After a year break due to the pandemic, Money20/20 USA was back in full force last month in Las Vegas. Some 6,000 attendees found themselves back roaming The Venetian conference hall as one of the largest financial services-focused conferences sought to pick up where it left off in 2019, addressing the key trends in the banking, fintech, and financial services. And while attendance was not what it once was in this conference’s heyday, this year’s version still proved itself to be valuable.
Personally, this was the first Money20/20 I’ve attended since 2017, which capped a run of four straight shows. So, I like to think I’m in a good position to give some insight about this year’s show, both from an industry trends perspective, and the general environment of being present at a large conference in the pandemic era.
One thing that was immediately clear at the show is that international companies, mostly startups, are seeking to make a dent in the U.S. market. I came across some executives from these companies at the kickoff networking event Sunday night. When I asked why they were in Vegas, their answers were mostly the same: we’re having great success in our home markets, and it’s time for us to tackle the U.S.
We are seeing this at BackBay as well, where over the past several months, we’ve been helping to raise awareness for one of our clients that entered the U.S. market earlier this year. International fintechs seeking to tap into the U.S. market need to be aware of the media landscape and which publications to target. While most of these companies are aware of the major Tier 1 publications (Wall Street Journal, New York Times, Business Insider, etc.), it can sometimes be difficult to get a sense of which trade publications to target if you’re unfamiliar with the U.S. media scene. That’s where we can add real value to their communications and PR strategy.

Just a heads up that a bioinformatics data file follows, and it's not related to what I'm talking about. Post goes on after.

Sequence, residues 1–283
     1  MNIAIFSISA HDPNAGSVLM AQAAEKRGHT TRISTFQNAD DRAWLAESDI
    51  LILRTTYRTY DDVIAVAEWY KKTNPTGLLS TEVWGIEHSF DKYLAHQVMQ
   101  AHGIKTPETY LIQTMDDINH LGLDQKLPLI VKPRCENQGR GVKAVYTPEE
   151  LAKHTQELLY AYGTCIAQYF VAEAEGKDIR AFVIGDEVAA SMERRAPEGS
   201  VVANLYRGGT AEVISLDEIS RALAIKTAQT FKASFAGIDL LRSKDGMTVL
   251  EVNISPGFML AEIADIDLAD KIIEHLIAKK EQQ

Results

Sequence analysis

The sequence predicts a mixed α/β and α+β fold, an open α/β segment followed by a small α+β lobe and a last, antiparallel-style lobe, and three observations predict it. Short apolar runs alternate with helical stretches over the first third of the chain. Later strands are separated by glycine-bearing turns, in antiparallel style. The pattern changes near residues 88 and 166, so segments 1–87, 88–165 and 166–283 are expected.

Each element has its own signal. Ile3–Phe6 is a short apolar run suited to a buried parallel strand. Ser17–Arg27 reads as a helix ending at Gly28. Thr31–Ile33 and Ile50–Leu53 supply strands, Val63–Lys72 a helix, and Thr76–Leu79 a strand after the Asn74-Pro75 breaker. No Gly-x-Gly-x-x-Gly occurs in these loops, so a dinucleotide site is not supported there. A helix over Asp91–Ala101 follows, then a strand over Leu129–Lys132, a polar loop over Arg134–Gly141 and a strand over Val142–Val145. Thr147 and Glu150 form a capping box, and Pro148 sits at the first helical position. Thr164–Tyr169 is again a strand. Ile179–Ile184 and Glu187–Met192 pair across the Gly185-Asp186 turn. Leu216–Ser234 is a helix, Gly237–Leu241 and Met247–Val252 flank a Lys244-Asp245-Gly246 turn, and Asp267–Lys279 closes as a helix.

I anticipate more international fintechs will enter the U.S. in the coming years. We’ve already seen a steady flow of this with buy-now-pay-later providers and challenger banks, but companies that specialize in cross-border payments, cybersecurity, data management, regtech, just to name a few areas, also can find success in the U.S.
Another trend I noticed while listening to some sessions was the fact the banking industry is still talking about how best to manage and use customer data. This ongoing issue is apparent when discussing the benefits of open banking. The consensus during one session is that the quality of data that banks collect needs to be addressed. How can you offer customers the best options if the data isn’t clean, or well understood? One of the biggest issues the banking industry has faced the past several years is this problem of data management, particularly how best to use the data to benefit bank customers.
A related issue to data is the how banks attack hyper personalization. I often like to give a personal anecdote about how banks continue to fail in this area. My bank often peppers me with emails about HELOC loans. I don’t own a home. How such a thing happens in 2021 shows the banking industry’s continuing problems in this area.
The pandemic effect
One aspect of this conference I was curious about was how people would interact in this environment as we’re approaching the tail end of the pandemic in the U.S.
Suits on men were almost non-existent. To be fair, I noticed this trend prior to people becoming more comfortable wearing loungewear the past 18 months. Once the Silicon Valley fintech types started rubbing elbows with bankers at these conferences, the latter took notice and their dress became much more business casual. The two-piece suit was once a uniform at these conferences. Now, it’s a crisp pair of jeans, a nice button-up shirt, and a sports coat.
How people greeted each other didn’t change much. I saw a lot more handshakes than silly elbow taps and fist bumps. Some people even hugged! Imagine seeing that at this time a year ago. In general, pandemic fatigue was a real thing at this show. People were ready to conduct business in the way they’re accustomed to – live and in person and not in front of a computer camera.
Overall, Money20/20 continues to be a solid conference for the fintech industry. It’s a great opportunity to get a heat check for current trends and what might be coming down the line. And I believe the attendance is at a sweet spot where networking is worthwhile, and the show floor isn’t a muddled mess of humanity. I look forward to the opportunity to attend again next year.